MACNBR   00242
MUSEO ARGENTINO DE CIENCIAS NATURALES "BERNARDINO RIVADAVIA"
Unidad Ejecutora - UE
artículos
Título:
Discrete and morphometric traits reveal contrasting patterns and processes in the macroevolutionary history of a clade of scorpions
Autor/es:
SARA CECCARELLI; NICOLAS MONGIARDINO KOCH; MARTIN JAVIER RAMIREZ; ANDRES ALEJANDRO OJANGUREN AFFILASTRO
Revista:
JOURNAL OF EVOLUTIONARY BIOLOGY
Editorial:
WILEY-BLACKWELL PUBLISHING, INC
Referencias:
Lugar: Londres; Año: 2017 vol. 30 p. 814 - 814
ISSN:
1010-061X
Resumen:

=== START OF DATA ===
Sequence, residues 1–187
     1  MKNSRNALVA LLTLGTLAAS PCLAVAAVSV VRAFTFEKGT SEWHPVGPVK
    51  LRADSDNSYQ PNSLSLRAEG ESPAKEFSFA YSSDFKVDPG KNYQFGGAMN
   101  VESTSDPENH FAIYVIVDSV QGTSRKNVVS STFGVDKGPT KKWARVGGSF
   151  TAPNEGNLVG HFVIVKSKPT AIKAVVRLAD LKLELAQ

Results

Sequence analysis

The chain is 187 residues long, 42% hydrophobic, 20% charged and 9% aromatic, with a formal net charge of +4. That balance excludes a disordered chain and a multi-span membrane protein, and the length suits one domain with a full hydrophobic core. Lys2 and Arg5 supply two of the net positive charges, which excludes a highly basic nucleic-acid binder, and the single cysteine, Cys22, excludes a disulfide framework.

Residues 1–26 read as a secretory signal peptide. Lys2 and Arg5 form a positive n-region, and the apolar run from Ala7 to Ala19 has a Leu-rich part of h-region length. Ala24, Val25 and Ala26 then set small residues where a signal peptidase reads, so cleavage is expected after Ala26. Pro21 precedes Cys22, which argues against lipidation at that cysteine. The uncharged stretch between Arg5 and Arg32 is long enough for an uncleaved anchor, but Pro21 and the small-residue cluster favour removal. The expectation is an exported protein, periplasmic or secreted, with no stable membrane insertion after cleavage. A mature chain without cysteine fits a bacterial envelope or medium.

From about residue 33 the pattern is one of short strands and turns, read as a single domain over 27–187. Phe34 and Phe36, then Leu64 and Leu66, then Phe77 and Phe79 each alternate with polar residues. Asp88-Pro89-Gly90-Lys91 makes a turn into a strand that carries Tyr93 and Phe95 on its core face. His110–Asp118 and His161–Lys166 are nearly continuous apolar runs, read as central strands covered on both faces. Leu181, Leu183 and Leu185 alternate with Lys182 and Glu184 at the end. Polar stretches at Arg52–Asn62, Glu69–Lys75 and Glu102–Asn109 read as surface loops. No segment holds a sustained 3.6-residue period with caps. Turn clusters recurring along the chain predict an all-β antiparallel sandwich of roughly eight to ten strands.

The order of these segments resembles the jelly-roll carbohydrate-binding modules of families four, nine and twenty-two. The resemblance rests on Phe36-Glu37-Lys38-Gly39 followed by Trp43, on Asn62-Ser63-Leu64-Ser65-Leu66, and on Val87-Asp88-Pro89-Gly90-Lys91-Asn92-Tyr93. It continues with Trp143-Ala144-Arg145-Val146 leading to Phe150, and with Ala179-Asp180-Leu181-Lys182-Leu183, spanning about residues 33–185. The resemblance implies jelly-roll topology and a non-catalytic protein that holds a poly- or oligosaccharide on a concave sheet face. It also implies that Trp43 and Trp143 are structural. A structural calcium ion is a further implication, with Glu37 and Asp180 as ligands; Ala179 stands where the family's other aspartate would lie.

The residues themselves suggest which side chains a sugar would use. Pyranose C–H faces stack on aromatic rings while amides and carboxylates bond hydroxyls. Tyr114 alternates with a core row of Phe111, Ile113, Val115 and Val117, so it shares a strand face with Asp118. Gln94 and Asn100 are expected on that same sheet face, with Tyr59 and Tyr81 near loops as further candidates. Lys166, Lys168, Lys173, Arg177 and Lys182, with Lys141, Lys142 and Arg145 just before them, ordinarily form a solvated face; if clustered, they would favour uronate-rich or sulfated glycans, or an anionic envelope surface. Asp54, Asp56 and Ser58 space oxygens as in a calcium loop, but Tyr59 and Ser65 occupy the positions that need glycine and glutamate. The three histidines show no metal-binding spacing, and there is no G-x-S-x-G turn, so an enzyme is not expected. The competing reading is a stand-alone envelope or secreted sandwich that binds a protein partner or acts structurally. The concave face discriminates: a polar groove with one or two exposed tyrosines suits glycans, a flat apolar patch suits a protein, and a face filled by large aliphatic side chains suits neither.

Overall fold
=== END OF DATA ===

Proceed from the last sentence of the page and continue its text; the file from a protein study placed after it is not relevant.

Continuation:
Many palaeontological studies have investigated the evolution of entire body plans, generally relying on discrete character-taxon matrices. In contrast, macroevolutionary studies performed by neontologists have mostly focused on morphometric traits. Although these data types are very different, some studies have suggested that they capture common patterns. Nonetheless, the tests employed to support this claim have not explicitly incorporated a phylogenetic framework and may therefore be susceptible to confounding effects due to the presence of common phylogenetic structure. We address this question using the scorpion genus Brachistosternus Pocock 1893 as case study. We make use of a time-calibrated multilocus molecular phylogeny, and compile discrete and traditional morphometric data sets, both capturing the overall morphology of the organisms. We find that morphospaces derived from these matrices are significantly different, and that the degree of discordance cannot be replicated by simulations of random character evolution. Moreover, we find strong support for contrasting modes of evolution, with discrete characters being congruent with an ?early burst? scenario whereas morphometric traits suggest species-specific adaptations to have driven morphological evolution. The inferred macroevolutionarydynamics are therefore contingent on the choice of character type. Finally, we confirm that metrics of correlation fail to detect these profound differences given common phylogenetic structure in both data sets, and that methods incorporating a phylogenetic framework and accounting for expected covariance should be favoured.